Gardening: Sculpting topiary is shear pleasure

Topiary, the art of trimming trees and shrubs into shapely sculptures, is spreading from stately homes to streets across Scotland.

Although topiary has been around for centuries, the structures are surprisingly modern and will add structure and interest to your garden. But the beauty is you don’t need a private gardener or huge landscape to enjoy topiary – it’s a lot easier than people would think.

All you need to do is buy a pair of shears to keep the topiary bush neatly trimmed all-year round, and you have a perfect doorstep plant. A definite prerequisite however is patience and a steady hand.

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Luke Chamberlain, horticultural manager at Dobbies Garden World Edinburgh, offers his advice about how to create the prefect topiary in your garden.

He says: “A clipped box ball is simple to upkeep and can be planted into modern- looking containers.

“To really create impact, repeat identical shapes at regular intervals for a uniform, designer look.

“A hedge is a simple form of topiary used to create boundaries or walls – use low hedges to edge borders and taller shapes to frame paths and doors.”

Here’s some tips for growing success:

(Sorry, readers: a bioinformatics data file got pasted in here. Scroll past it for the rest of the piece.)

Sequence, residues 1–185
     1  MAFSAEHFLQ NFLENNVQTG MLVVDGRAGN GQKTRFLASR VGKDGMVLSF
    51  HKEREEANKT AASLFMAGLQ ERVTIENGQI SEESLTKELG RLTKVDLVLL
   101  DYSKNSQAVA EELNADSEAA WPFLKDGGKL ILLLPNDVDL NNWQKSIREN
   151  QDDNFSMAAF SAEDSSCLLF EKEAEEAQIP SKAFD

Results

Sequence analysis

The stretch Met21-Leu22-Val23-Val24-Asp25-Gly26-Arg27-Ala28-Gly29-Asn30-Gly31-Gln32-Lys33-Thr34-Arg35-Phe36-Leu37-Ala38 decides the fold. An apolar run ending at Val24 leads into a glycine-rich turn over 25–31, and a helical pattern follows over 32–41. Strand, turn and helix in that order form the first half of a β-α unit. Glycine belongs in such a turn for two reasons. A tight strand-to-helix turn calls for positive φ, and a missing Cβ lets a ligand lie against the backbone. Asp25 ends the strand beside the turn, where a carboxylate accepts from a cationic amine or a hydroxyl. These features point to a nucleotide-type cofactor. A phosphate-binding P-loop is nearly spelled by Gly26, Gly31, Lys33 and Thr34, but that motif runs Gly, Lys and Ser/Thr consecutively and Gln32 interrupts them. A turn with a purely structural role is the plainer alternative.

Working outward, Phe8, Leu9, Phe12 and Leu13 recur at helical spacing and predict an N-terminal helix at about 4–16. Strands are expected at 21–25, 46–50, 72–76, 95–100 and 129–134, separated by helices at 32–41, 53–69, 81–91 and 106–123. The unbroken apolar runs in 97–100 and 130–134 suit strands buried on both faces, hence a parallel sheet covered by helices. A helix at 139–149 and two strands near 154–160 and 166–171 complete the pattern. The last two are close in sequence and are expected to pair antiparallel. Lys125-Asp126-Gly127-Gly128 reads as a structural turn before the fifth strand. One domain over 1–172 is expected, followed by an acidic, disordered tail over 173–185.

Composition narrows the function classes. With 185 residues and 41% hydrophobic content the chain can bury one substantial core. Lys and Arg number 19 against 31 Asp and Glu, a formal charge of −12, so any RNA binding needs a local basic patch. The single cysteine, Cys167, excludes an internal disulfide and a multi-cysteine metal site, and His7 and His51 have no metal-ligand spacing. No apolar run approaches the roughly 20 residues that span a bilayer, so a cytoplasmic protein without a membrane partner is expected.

• Trim topiary in the spring and autumn to ensure it looks good year-round

• Feed and water potted topiary regularly to keep it green and healthy

• Take topiary from box plants as it’s easy to root and you’ll quickly boost your stock if you’re trying to create a hedge.

• Wire frames allow first-time topiarists to follow simple designs, such as squirrels, dogs, or rabbits!

Here are plants to use for topiary:

• Conifer: Perfect for creating topiary fast as grows quickly. Clip little and often

• Holly: Just the thing for lollipops, pyramids, hedges and balls.

• Beech: Perfect for formal hedges and simple shapes

• Yew: The stuff of grand gardens – grows tall and can be shaped into enormous creations.

• Box: Classic topiary plant used for spirals, pyramids, and no end of animals and novelty shapes.

• Dobbies Garden World, Edinburgh is offering free advice through its Garden 
Grow-How talks, taking place every Saturday and Sunday between 11am and 2pm.